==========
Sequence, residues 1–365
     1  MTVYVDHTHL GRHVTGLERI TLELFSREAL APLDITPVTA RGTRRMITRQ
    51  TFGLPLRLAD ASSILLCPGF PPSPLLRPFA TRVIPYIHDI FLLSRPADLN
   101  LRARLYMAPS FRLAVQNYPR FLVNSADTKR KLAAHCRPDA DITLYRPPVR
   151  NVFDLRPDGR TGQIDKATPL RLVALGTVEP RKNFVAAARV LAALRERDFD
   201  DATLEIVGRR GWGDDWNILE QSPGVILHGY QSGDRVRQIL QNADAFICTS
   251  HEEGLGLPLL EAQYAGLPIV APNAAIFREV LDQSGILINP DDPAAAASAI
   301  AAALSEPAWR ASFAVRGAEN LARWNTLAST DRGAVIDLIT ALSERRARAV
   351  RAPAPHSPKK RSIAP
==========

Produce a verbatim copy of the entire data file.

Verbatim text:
Sequence, residues 1–365
     1  MTVYVDHTHL GRHVTGLERI TLELFSREAL APLDITPVTA RGTRRMITRQ
    51  TFGLPLRLAD ASSILLCPGF PPSPLLRPFA TRVIPYIHDI FLLSRPADLN
   101  LRARLYMAPS FRLAVQNYPR FLVNSADTKR KLAAHCRPDA DITLYRPPVR
   151  NVFDLRPDGR TGQIDKATPL RLVALGTVEP RKNFVAAARV LAALRERDFD
   201  DATLEIVGRR GWGDDWNILE QSPGVILHGY QSGDRVRQIL QNADAFICTS
   251  HEEGLGLPLL EAQYAGLPIV APNAAIFREV LDQSGILINP DDPAAAASAI
   301  AAALSEPAWR ASFAVRGAEN LARWNTLAST DRGAVIDLIT ALSERRARAV
   351  RAPAPHSPKK RSIAP